January 1, 1970

Even now, he did not want this to be the end. He wrote to Eisenhower in the final days of office (the letter is dated ‘April’; he resigned on 5 April) saying that he hoped he might still be able to ‘serve’ the cause of Anglo-American cooperation and the battle against Communism.

Churchill handed over the premiership to Anthony Eden, who had long been waiting in the wings. Eden was already part of the ‘family’; three years earlier, he’d married Churchill’s niece, Clarissa. Churchill wasn’t convinced Eden would be able to do the job – ‘I don’t believe that Anthony can do it’ – but he had no choice.

Upon his resignation, the Queen offered him the dukedom of London. His private secretary, Colville, had already informed her that Churchill would turn it down, apparently because Randolph, Churchill’s son, didn’t want to inherit a title (which in those days would have prevented him or his heirs having a political career) or possibly because Churchill himself didn’t want to lose the name of Churchill and the ability to sit in the House of Commons . ‘Sir Winston’ declined the offer.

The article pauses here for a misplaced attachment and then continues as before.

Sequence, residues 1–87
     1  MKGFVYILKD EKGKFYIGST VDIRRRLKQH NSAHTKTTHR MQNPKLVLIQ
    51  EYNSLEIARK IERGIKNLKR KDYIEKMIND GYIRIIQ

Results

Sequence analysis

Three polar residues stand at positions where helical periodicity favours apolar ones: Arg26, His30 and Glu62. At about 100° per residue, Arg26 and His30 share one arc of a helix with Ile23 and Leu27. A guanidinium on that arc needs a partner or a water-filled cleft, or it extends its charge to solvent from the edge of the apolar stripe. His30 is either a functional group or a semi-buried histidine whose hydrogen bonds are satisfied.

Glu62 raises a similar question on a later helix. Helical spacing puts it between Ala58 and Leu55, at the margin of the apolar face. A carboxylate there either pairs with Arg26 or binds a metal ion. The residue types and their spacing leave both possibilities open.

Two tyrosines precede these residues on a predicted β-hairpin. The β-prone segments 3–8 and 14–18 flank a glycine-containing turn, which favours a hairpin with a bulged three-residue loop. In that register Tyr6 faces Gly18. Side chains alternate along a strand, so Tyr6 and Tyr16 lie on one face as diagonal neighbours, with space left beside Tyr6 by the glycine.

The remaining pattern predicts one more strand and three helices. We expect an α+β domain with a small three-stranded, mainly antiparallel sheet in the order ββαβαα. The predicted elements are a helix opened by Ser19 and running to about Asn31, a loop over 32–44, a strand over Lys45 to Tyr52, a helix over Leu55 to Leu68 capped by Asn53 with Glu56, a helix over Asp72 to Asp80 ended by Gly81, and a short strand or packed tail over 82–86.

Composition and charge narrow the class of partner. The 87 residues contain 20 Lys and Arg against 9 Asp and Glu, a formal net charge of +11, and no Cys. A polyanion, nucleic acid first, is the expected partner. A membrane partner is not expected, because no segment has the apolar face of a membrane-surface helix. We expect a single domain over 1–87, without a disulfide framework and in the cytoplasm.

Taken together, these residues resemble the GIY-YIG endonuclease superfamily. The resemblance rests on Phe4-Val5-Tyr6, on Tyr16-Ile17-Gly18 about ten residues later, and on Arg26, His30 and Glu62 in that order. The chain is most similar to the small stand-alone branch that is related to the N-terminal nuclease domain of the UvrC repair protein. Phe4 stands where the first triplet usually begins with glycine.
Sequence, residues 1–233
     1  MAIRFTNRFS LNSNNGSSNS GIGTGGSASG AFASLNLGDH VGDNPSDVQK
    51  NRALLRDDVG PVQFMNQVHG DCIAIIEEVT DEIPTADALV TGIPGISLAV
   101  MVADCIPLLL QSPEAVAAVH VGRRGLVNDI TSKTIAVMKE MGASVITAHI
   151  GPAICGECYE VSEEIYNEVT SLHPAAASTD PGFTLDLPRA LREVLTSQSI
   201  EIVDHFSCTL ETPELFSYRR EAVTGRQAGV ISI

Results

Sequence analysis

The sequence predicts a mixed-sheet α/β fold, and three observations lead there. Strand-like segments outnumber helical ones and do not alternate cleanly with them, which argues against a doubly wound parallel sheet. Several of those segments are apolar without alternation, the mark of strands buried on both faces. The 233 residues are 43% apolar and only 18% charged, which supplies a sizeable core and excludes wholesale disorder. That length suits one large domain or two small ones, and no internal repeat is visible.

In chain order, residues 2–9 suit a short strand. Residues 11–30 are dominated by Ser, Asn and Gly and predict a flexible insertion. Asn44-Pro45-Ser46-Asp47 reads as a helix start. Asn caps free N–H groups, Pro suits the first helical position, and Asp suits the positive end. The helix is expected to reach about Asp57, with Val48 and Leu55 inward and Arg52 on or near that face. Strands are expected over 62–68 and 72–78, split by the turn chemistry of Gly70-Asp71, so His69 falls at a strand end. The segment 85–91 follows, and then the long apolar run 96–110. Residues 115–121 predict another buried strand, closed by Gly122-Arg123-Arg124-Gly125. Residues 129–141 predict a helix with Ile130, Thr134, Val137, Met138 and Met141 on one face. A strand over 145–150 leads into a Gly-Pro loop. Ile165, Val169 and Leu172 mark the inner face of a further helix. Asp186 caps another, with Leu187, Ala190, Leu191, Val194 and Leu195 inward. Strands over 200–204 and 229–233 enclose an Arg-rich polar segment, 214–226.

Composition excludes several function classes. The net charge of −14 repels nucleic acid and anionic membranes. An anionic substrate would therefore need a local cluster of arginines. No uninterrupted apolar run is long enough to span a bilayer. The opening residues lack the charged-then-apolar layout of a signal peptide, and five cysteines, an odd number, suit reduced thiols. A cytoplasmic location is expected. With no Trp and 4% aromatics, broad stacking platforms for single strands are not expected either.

Churchill didn’t attend the Geneva Conference held later in 1955, and Eisenhower wrote how his ‘courage and vision will be missed at the meeting’.

National WWI Museum and Memorial, Kansas City

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Churchill remained a member of parliament – he was re-elected as MP for Woodford in Essex in the general elections of May 1955 and October 1959 – until 1964 and attended sessions occasionally (although increasingly infrequently), but he never spoke in the House of Commons again.

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